The death of 18 persons in Korukonda block of Malkangiri district was caused by measles as the villagers sought traditional healing practices instead of opting for medical treatment.
A report submitted by a Joint Director-ranked officer of the Health Department who visited the villages has brought to light the fact. The deaths were reported in a span of two months. In Pottel village alone, seven deaths were recorded. The age of the victims varied from four days to 14 years.
While it was initially suspected that the deaths could have been caused by an outbreak of either dengue, malaria or diarrhoea, symptoms suggested acute respiratory infection (ARI), prompting the Health Department to depute the officer for investigation.
The investigation revealed that most villagers sought out help of traditional healers such as ‘ojhas’ instead of going to the health centres. Communication gap also played its part. A health sub-centre was located 4 km from Pottel but villagers did not consult it for treatment. The community health centre was about 11 km away but none turned up. The local health worker was not even intimated about the diseases.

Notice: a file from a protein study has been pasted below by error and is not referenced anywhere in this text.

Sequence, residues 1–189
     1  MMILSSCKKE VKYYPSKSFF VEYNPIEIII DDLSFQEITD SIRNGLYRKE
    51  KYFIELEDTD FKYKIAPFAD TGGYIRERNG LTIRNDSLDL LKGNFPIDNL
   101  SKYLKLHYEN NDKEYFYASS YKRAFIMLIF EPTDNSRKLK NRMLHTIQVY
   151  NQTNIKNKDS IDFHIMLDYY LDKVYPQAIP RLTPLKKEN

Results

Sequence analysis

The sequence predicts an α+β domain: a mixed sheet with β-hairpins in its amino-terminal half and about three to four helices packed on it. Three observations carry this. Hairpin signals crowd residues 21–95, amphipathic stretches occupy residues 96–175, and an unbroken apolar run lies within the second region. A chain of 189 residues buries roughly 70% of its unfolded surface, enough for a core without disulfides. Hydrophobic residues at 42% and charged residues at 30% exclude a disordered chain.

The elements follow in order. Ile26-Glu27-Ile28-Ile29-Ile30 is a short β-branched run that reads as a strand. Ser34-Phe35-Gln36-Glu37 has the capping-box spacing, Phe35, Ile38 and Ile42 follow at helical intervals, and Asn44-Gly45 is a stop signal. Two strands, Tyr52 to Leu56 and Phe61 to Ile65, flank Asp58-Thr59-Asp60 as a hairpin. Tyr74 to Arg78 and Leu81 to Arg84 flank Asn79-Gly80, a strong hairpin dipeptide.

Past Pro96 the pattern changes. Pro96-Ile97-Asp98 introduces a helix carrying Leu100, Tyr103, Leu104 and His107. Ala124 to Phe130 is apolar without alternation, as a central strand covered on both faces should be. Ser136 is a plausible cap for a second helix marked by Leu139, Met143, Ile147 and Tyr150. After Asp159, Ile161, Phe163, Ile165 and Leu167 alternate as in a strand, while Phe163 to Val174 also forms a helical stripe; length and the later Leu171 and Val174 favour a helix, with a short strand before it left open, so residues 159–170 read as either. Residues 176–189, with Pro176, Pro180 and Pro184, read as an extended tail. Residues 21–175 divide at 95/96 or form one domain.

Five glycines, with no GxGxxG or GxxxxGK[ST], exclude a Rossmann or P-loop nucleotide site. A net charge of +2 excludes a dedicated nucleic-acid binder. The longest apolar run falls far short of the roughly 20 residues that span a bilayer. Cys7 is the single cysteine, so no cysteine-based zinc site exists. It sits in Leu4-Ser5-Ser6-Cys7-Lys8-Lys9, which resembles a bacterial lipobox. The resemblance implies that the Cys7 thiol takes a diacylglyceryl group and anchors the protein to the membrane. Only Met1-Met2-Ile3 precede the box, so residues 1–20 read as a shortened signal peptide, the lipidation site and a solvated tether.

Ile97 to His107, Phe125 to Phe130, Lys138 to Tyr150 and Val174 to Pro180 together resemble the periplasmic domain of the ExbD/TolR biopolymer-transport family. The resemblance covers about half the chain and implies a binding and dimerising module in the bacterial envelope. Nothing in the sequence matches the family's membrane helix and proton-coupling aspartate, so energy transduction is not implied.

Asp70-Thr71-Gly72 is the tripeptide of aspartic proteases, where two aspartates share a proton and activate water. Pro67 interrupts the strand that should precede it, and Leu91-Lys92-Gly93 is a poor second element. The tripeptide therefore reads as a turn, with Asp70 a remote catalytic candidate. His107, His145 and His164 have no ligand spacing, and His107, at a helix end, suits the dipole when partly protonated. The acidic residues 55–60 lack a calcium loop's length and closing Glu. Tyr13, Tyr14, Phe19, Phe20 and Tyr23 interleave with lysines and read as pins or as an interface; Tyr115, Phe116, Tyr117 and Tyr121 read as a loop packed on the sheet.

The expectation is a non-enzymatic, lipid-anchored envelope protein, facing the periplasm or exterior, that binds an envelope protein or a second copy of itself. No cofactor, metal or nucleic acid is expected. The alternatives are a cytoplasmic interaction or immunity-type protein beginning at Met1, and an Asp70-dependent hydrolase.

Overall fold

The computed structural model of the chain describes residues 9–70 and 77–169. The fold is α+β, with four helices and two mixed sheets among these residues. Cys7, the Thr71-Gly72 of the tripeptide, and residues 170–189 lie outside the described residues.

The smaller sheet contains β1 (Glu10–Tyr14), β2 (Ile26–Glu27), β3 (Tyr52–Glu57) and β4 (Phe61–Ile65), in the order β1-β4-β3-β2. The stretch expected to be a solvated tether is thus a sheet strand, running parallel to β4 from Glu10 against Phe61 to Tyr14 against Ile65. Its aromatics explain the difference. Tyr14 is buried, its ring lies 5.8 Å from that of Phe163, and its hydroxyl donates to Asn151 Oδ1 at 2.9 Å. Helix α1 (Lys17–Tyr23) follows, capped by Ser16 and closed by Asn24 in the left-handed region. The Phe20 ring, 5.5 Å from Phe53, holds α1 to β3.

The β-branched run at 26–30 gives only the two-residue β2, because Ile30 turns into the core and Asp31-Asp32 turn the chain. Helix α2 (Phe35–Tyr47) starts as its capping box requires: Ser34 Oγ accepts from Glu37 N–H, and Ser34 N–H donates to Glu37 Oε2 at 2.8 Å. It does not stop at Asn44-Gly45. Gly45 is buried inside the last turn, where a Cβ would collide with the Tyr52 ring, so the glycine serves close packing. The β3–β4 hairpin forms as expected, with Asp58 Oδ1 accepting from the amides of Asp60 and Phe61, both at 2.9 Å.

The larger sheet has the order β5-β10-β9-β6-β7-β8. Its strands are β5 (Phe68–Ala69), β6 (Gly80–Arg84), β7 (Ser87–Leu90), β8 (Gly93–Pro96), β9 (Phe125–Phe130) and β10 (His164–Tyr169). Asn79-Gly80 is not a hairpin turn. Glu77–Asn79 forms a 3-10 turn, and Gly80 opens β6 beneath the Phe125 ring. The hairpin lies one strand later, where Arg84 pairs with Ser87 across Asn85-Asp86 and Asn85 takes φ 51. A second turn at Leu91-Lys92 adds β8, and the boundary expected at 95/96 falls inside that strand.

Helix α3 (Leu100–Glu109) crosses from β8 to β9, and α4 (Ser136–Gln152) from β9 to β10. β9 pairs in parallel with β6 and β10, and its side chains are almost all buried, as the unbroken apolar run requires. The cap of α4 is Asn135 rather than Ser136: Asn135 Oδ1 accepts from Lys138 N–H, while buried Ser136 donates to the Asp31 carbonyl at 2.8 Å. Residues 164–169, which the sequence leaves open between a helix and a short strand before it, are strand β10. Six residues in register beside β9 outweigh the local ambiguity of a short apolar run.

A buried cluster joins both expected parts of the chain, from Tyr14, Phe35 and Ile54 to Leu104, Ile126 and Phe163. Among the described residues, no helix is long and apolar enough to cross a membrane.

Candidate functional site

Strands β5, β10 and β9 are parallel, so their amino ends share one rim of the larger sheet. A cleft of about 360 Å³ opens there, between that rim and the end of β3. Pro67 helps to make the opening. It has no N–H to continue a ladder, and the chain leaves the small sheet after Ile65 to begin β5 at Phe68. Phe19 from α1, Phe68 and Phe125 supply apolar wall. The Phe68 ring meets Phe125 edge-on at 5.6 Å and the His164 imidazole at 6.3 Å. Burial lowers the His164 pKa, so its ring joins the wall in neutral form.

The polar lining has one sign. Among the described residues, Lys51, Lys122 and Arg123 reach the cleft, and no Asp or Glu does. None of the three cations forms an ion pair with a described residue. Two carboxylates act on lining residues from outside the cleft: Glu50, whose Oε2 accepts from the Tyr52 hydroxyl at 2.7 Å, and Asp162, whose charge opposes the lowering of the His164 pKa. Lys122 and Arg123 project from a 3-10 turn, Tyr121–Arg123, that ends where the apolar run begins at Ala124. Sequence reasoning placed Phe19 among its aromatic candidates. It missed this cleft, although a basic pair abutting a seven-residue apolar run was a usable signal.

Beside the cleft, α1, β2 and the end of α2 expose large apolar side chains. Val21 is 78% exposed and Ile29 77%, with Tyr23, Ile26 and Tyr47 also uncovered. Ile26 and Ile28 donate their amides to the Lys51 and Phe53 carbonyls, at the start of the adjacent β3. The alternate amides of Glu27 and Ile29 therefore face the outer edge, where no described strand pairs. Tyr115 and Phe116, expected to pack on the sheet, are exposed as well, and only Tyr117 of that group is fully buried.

While the first round of measles vaccination had been carried out by the health workers, it could not provide protection to the children. The Health Department is planning a second round of immunisation soon.
Health Services Director Dr Dipak Prusty said lack of communication as well as low awareness among the villagers were major reasons for the deaths but the district health officials organised health camps in the block. “There is no reason for concern now since things are well under control,” he added. Interestingly, even as the district health officials were holding health camps local villagers raised Rs 8,000 to invite a quack to the villages to carry out the traditional healing of the affected ones.
The Chief District Medical Officer of Malkangiri had sent 12 blood samples to Bhubaneswar to ascertain reasons behind the deaths. Three tested positive for measles.